Simon Wood

Hump Day: Quick Getaway…Maybe Not

I get asked by a lot of people if I’ll ever leave the US. Well, I hope they are just asking and not hinting. Actually, I’m not sure whether I’ll leave the US, I never plan that far ahead, but that said, I’m not sure I can leave. It’s the roads, you see. They lie to me. America’s deceptively simple, well-organized and inviting road network promises to make driving a breeze. Most city centers conform to a grid format. The grids are divided into equi-sized blocks, each block being a 1/16th of a mile. And a marvelous network of highways and freeways connects the cities. It’s a utopian vision.

But it’s all a fallacy.

I will state, here and now, that the American road network not only defies logic but also breaks the laws of physics. The US roadways seem to be some sort of land-based Bermuda triangle. One day, I know I’ll see Jimmy Hoffa, Elvis and a World War II bomber crew walk into a Denny’s in Hollister and none of them will have aged a day.

“But what proof do you have?” I hear you cry.

Plenty is my reply. Road signs are all the proof I need. Here in the Bay Area, I-80 and I-580 merge. The road signs will confidently announce that I’m traveling west on I-80 while at the same time, I’m traveling south on I-580 on the same stretch of road. How can this be? How can I be going in two directions at once? And which is correct? Probably neither. I’m heading east for all I know. But this isn’t an isolated occurrence. Driving to Santa Rosa on 101 North, I find I’m also driving on Hwy 136 east. Leaving south San Francisco a month or so back, I wanted join 101 North, but the road sign pointed left and straight ahead at the same time. I-580, 680 and 980, the freeways that serve the city, have plenty of off-ramps–but no on-ramps. I can’t tell you the number of times I’ve tried to leave Oakland only to find myself driving for miles on abandoned roads that lead nowhere before finally finding a ramp to rejoin the freeway. I’m sure the city of Oakland is populated with people who ended up there and could never find their way back. It’s like a bad episode of THE PRISONER, without the number system.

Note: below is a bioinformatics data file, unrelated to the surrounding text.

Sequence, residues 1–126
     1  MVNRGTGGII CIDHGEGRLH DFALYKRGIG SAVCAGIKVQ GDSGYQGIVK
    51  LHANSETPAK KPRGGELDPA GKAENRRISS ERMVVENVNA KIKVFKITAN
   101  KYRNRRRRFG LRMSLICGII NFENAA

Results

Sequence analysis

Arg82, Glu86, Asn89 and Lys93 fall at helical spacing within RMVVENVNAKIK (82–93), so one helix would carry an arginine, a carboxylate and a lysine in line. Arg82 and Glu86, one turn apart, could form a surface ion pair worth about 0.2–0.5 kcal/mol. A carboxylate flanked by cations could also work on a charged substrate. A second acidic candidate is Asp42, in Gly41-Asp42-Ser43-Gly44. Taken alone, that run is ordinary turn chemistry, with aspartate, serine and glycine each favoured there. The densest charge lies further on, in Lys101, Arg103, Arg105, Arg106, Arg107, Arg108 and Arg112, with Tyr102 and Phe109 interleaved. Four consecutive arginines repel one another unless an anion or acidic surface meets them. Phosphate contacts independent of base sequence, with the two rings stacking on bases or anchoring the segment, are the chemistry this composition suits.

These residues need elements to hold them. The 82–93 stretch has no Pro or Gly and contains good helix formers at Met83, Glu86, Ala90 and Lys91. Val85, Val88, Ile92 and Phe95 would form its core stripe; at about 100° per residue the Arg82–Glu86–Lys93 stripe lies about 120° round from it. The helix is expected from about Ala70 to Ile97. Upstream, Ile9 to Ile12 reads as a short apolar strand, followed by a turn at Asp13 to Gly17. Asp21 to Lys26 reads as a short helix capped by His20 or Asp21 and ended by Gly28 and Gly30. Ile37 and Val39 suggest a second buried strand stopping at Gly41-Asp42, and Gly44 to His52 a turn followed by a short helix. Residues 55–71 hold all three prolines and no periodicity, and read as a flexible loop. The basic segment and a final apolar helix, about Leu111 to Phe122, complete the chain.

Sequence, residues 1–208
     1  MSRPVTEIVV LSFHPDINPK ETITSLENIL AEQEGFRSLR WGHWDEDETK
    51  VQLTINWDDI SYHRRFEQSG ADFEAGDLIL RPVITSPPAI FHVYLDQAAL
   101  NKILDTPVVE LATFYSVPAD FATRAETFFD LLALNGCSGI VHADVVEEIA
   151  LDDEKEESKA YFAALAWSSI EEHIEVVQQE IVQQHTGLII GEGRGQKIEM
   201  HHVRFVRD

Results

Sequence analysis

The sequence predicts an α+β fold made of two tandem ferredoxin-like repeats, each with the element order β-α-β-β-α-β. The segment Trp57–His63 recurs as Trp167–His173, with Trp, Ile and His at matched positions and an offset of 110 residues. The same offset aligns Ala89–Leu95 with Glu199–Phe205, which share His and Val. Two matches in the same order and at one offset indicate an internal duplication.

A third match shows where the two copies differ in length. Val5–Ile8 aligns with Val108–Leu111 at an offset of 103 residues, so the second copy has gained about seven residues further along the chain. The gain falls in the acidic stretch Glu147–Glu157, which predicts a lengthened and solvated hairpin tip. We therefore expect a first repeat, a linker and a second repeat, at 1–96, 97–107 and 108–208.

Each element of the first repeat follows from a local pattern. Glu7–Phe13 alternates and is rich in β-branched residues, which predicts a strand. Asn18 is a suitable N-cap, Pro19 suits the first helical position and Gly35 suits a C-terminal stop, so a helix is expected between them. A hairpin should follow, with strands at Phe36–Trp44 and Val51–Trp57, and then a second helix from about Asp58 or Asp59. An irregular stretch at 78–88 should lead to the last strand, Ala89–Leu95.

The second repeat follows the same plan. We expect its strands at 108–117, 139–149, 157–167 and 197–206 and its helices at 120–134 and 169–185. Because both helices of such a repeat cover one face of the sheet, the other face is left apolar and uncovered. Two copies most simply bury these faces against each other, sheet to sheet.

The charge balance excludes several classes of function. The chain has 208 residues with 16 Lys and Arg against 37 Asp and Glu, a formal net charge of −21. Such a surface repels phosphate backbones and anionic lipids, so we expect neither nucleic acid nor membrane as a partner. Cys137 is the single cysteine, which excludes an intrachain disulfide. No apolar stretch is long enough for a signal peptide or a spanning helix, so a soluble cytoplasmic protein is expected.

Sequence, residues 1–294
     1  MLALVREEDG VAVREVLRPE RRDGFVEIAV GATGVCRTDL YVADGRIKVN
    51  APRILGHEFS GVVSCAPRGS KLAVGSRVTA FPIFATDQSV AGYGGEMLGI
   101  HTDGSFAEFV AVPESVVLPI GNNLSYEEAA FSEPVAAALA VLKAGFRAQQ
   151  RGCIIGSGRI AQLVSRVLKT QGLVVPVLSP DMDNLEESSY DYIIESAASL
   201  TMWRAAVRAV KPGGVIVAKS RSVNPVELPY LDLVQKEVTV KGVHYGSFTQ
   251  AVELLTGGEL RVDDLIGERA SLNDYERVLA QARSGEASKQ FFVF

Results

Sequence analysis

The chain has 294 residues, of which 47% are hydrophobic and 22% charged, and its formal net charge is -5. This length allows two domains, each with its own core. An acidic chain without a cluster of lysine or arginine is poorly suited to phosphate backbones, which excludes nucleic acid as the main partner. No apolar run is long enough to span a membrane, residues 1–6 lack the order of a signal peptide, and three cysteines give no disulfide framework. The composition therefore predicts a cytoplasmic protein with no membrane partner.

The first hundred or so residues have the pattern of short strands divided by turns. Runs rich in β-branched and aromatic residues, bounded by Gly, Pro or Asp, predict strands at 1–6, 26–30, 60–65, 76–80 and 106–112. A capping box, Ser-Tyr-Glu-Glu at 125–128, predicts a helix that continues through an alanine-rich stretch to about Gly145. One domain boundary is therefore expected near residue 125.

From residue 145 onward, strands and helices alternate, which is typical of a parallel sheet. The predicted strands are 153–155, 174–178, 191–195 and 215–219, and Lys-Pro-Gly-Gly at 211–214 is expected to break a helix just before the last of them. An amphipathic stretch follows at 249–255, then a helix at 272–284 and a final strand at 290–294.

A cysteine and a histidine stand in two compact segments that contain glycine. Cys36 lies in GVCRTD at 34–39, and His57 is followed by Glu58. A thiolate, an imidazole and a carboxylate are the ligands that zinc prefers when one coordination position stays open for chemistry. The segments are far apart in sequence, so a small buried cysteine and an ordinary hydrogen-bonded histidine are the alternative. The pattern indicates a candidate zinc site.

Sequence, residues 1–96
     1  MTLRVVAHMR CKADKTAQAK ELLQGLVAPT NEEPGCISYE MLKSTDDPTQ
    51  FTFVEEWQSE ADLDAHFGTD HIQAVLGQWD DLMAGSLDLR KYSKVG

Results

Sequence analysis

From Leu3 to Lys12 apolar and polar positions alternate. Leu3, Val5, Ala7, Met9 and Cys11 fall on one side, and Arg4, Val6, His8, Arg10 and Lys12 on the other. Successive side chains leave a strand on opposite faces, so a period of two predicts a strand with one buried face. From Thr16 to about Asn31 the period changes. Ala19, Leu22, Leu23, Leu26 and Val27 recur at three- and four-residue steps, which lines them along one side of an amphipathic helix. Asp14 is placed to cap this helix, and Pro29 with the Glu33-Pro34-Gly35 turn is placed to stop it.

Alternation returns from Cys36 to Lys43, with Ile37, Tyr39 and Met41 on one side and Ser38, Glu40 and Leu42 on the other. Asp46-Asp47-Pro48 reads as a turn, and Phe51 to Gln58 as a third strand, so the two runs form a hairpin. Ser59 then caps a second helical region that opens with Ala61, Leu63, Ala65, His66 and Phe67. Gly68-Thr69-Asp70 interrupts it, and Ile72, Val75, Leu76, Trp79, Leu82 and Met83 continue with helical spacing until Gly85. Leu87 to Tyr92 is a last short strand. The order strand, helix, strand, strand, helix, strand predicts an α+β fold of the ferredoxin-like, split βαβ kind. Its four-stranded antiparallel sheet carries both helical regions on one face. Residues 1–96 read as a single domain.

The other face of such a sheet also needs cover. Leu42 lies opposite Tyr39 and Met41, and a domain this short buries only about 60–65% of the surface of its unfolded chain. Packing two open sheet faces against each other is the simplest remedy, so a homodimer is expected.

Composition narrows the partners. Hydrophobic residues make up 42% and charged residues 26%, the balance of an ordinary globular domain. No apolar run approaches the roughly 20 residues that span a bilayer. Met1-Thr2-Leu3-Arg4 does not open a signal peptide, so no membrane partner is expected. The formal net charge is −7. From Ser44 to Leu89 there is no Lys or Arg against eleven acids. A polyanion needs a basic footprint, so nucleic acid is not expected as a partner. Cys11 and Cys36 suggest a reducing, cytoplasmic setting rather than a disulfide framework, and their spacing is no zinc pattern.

I’m not sure who’s done this. Someone out there is controlling us, deciding where we will go. Some might think it’s big business bribing local government to funnel us in the direction of their stores, but I don’t think so. If I had to guess, I’d say there may be a more supernatural element controlling America’s roadways. I don’t think it’s a coincidence that American interstates bear an uncanny similarity to ancient ley lines linking us with powerful forces. And who is CalTrans–California’s department of transport or a Lovecraftian beast whose true name cannot be spoken by the human tongue? I’ll let you decide the next time you’re gridlocked during rush hour.

2 Responses to “Hump Day: Quick Getaway…Maybe Not”

  1. Tammy

    Actually, you don’t even have all of the story about the 80/580 (I used to live right there, I know). You’re on West 80 at the same time as you’re on East 580, and YOU’RE TRAVELING SOUTH.



Leave a Reply

  • (will not be published)

XHTML: You can use these tags: <a href="" title=""> <abbr title=""> <acronym title=""> <b> <blockquote cite=""> <cite> <code> <del datetime=""> <em> <i> <q cite=""> <s> <strike> <strong>